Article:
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Labour falling into Colin Craig message trap

5 November 2015

Labour have a great opportunity this weekend to launch a fresh party message and policies to back that up. But instead it appears they are going to fall into what I call ‘the Colin Craig trap.’

Let me explain. When media are either interviewing you or covering your conference, they will produce interesting stories. That’s their job. They’d get fired if they didn’t. So when Colin Craig responds to the question, “do you think chemtrails are a government conspiracy,” with, “I don’t know,” guess what the subsequent story will be about.

But what if he instead answered with something like this, “I don’t think so, but I do think the government has too much power over our lives, that’s why we need binding referendums.”

Chances are the journalist is no longer thinking about chemtrails and the story would have focused on a Conservative Party policy. Craig either didn’t have a message to share, or he didn’t have the skills to get it through.

 So why is this weekend’s Labour Party Conference the same?

The same principle applies. Reporters will produce interesting stories. The only question is what they will be. If Labour doesn’t offer up some interesting new policies, the media will hunt for something else of interest. The obvious headline would read something like, ‘Labour still has no focus,” or “Conference lacks any new ideas.” Reporters will also sniff around all the closed sessions and write stories based on speculation around current unpopular policies.

But if they used the Conference to launch a fresh approach, that would be the focus and they would hog all the headlines with positive stories.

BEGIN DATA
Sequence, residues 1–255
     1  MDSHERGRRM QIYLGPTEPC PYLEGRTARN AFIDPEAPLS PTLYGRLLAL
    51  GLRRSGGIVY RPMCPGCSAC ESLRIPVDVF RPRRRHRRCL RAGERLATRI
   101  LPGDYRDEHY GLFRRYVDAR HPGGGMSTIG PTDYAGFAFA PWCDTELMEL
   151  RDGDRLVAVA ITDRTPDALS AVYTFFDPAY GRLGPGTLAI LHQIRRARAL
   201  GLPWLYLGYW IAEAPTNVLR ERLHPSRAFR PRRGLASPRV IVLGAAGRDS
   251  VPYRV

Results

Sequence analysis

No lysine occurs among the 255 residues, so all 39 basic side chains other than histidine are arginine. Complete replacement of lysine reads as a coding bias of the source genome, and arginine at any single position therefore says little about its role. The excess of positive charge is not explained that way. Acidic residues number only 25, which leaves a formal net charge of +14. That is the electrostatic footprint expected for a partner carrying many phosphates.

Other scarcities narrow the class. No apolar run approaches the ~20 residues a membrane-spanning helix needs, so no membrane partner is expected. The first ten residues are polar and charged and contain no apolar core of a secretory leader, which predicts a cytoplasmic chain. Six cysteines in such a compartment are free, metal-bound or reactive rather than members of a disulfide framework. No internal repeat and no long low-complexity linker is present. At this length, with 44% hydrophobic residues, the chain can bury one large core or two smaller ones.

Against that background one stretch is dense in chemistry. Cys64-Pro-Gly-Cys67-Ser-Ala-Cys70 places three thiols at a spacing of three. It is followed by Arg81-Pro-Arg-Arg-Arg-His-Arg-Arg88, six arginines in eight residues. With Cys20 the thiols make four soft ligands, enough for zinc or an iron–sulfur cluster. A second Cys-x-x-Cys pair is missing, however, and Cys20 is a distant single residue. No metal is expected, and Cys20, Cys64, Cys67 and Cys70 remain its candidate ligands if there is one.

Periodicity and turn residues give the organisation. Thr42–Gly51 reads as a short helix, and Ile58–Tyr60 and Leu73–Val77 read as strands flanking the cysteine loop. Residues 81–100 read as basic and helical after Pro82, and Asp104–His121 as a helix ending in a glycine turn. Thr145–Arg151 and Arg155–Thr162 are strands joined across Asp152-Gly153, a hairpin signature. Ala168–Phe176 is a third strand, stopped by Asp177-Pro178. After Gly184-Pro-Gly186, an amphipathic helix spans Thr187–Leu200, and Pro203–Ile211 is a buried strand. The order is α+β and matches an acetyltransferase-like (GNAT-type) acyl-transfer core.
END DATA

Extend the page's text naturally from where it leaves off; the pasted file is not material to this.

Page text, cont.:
It appears they wont do this for fear good policies will be poached by National, and it’s too early in the Election cycle. I disagree. Looking at polling from the last Election cycle, National were well ahead throughout the three years. It’s too late to try and change people’s minds in the last six months before an election. People won’t digest an entire policy manifesto in this time. Even if they did, they won’t suddenly warm to a party that has only just woken up.

The best approach is to start now. They don’t need to announce everything, but communicate a clear message and a few interesting policies to highlight it. In other words, be proactive rather than reactive.

We’ll soon find out which approach they’ve chosen.

For more on my media training, contact pete@mediatrainingnz.co.nz or 029 200 8555

Filed under Media Training

Written by

Pete is a leading New Zealand media trainer and regular blogger for his company, Media Training NZ . He has helped leaders from all sectors of society communicate with the media and other stakeholders. Pete is a former daily newspaper reporter and press secretary in the New Zealand government. From these roles, he understands the media process from both sides of the camera.

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